08/02/2016 01:31 EDT | Updated 08/02/2016 06:59 EDT

Carolyn Bennett Meets Families Of MMIW Ahead Of Inquiry Announcement

Inquiry will be announced Wednesday.

OTTAWA — After shaping the design and scope of the inquiry into missing and murdered indigenous women, the federal government is set to hand over the process to five commissioners Wednesday at the Canadian Museum of History in Gatineau, Que.

A ceremony, expected to feature a number of indigenous traditions, will be held in the morning to mark the beginning of the commission's work.

Indigenous Affairs Minister Carolyn Bennett, Justice Minister Jody Wilson-Raybould and Status of Women Minister Patty Hajdu will be on hand for the event. The ministers are also expected to meet the families of some victims following the announcement.

It is expected to be a highly emotional day for a number of long-time advocates who have repeatedly called on the federal government to open a national public inquiry into the phenomenon of missing and murdered indigenous women.

Indigenous Affairs Minister Carolyn Bennett speaks on Parliament Hill in January 2016 as Justice Minister Jody Wilson-Raybould looks on. (Photo: Adrian Wyld/CP)

The study — resisted by the Conservative government of former prime minister Stephen Harper — was a key Liberal campaign promise during the last federal election.

Sheila North Wilson, grand chief of an organization representing First Nations in northern Manitoba, said Tuesday she hopes the study will help unravel the "massive problem" piece by piece.

She said she's hoping the government will speak "directly to the hearts and minds" of indigenous families on Wednesday.

During the course of their work, the commissioners will have the power to summon witnesses and compel testimony.

Two central questions for the upcoming process include how long will the study take and how much will it all cost?

$40 million set aside for inquiry

The federal government has earmarked $40 million over two years for the inquiry but Bennett has said this is a placeholder budget and stressed the need to get the process "right."

It is expected that the commissioners could face a number of challenges during the course of their work, such as the need to examine the nature of violence against indigenous women in urban centres and in indigenous communities themselves.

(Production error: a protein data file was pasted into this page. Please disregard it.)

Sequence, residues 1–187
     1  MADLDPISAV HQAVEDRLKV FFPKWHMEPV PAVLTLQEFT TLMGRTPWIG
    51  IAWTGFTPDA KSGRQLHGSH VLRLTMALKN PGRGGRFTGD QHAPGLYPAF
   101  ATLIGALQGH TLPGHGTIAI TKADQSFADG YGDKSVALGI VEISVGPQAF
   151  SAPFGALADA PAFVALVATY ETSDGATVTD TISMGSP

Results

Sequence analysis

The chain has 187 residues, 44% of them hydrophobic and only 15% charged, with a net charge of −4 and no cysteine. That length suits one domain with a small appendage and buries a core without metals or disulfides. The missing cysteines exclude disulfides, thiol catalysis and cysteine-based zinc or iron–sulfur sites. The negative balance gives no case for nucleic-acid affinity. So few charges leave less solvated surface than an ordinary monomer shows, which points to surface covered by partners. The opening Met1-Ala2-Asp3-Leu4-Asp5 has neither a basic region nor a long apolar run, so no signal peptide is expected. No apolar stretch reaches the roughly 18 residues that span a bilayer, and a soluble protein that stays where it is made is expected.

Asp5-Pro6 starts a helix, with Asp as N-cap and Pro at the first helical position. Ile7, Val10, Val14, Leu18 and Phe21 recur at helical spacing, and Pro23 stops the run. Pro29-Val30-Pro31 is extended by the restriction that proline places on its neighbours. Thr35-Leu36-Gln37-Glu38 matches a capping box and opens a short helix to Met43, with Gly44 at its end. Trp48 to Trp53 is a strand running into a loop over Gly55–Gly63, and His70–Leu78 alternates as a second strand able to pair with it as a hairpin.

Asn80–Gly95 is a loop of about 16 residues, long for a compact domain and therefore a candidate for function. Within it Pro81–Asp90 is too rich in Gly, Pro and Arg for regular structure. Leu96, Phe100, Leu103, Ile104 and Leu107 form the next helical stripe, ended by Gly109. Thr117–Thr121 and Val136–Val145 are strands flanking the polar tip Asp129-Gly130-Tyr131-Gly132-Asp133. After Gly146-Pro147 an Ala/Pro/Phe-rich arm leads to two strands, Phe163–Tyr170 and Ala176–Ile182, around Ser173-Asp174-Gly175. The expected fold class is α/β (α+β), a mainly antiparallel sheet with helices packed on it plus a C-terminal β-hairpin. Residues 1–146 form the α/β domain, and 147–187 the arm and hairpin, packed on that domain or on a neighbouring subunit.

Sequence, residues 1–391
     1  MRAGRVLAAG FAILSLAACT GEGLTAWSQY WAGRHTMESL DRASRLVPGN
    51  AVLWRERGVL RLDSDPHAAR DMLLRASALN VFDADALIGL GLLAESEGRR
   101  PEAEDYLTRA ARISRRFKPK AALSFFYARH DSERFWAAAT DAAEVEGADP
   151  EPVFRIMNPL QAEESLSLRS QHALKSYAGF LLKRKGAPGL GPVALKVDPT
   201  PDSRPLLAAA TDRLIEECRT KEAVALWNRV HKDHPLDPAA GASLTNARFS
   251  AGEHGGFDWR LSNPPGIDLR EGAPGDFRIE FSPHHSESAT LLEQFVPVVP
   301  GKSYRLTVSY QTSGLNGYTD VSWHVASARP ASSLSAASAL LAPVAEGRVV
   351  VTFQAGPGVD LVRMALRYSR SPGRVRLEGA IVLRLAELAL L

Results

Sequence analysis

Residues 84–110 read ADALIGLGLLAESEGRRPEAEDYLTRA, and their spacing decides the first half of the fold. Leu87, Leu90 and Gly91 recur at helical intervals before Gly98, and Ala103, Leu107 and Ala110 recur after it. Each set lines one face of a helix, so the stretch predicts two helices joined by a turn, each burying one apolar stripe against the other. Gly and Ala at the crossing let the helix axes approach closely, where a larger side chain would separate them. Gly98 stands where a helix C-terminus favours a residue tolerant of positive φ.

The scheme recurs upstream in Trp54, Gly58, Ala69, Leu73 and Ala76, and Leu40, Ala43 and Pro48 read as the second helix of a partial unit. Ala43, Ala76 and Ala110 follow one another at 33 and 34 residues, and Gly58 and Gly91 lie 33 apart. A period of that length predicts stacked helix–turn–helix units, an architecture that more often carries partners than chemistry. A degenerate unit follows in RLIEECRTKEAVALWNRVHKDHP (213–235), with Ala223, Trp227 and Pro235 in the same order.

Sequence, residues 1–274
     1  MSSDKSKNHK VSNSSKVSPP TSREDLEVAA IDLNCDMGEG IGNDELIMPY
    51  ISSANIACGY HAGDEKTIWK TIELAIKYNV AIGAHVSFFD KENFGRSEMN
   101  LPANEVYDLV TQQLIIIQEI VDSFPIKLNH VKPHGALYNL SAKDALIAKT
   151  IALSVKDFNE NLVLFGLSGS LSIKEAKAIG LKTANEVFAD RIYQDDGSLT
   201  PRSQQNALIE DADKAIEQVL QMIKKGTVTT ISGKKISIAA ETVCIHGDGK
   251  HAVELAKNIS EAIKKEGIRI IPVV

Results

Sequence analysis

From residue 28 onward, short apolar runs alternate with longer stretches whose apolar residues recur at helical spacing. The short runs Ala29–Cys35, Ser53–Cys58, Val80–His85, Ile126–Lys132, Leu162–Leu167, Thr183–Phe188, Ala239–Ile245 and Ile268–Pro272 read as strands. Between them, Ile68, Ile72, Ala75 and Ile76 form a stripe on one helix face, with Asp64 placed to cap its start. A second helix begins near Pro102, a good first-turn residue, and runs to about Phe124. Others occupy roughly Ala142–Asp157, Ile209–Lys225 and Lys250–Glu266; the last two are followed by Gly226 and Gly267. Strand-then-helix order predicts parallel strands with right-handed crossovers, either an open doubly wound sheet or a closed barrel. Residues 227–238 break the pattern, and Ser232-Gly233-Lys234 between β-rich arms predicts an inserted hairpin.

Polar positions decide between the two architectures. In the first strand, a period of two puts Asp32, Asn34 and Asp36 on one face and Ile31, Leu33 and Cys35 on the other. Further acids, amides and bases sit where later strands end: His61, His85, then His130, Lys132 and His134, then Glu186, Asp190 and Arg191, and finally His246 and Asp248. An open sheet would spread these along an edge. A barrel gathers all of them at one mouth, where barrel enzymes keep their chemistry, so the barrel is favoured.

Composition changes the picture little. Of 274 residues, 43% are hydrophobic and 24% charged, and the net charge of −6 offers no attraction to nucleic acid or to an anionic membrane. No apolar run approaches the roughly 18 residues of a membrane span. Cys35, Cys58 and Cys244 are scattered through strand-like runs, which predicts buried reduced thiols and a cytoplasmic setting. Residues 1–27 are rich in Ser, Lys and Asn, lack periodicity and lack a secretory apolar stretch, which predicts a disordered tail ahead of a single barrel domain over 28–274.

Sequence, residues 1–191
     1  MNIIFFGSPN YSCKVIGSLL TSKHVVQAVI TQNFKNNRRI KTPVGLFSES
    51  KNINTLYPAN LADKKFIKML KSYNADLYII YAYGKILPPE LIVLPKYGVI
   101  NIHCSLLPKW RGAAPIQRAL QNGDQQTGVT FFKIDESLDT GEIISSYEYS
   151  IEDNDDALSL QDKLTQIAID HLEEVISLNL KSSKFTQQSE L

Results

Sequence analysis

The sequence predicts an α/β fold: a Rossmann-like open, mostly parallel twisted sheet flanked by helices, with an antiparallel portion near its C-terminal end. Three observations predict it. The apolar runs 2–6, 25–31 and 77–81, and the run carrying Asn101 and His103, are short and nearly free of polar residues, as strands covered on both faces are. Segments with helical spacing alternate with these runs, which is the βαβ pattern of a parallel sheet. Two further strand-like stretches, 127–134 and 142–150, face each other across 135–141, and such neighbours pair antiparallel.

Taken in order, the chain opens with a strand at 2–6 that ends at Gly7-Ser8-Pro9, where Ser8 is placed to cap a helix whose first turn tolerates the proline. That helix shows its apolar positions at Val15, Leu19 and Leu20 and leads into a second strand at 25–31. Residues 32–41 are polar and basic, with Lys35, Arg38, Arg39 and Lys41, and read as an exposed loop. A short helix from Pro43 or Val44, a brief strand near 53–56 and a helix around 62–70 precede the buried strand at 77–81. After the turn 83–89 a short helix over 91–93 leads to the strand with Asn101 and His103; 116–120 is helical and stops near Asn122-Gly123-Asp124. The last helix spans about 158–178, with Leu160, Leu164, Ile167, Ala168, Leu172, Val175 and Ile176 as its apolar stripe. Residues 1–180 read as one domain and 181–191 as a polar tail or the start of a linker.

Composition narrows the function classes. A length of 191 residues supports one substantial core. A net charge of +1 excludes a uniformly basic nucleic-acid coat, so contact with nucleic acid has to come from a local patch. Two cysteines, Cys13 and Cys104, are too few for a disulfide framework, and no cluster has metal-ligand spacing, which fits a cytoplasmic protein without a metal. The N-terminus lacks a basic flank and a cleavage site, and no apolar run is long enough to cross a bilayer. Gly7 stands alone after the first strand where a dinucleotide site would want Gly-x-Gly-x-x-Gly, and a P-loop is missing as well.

Joan Jack, an Ojibway activist from Manitoba, has stressed the need for the inquiry to look at what is happening on reserve.

Women are routinely oppressed and subjected to violence, she said.

"There's just a level of violence in our communities that is a crisis and no one seems to care."

"It is only the very strongest and very connected women that are able to rise above that," Jack said in an interview Tuesday.

"There's just a level of violence in our communities that is a crisis and no one seems to care."

There will have to be a lot of healing inside communities, North Wilson said, adding she hopes Canadians will use the inquiry process to better understand what is happening to indigenous women and girls.

"We have a lot to contribute as indigenous women and girls,'' North Wilson said.

"We want the same thing that everybody wants — we want health, we want equality, we want jobs, we want to be educated and we want opportunities ... we should be afforded that. That's at the heart of the issue ... it is a Canadian problem."

1,181 MMIW between 1980 and 2012

In May 2014, the RCMP released a report documenting 1,181 murdered and missing women between 1980 and 2012.

A year later, it said 32 aboriginal women had been murdered and 11 more had disappeared since it first reported on the issue.

The RCMP also noted there is an "unmistakable connection between homicide and family violence."

The force said the relationship between victim and offender was particularly relevant because more than 90 per cent of the women in the homicide data were known to the offender.

Mistrust toward police forces and the need to examine officer conduct is also expected to be a central theme of the inquiry process.

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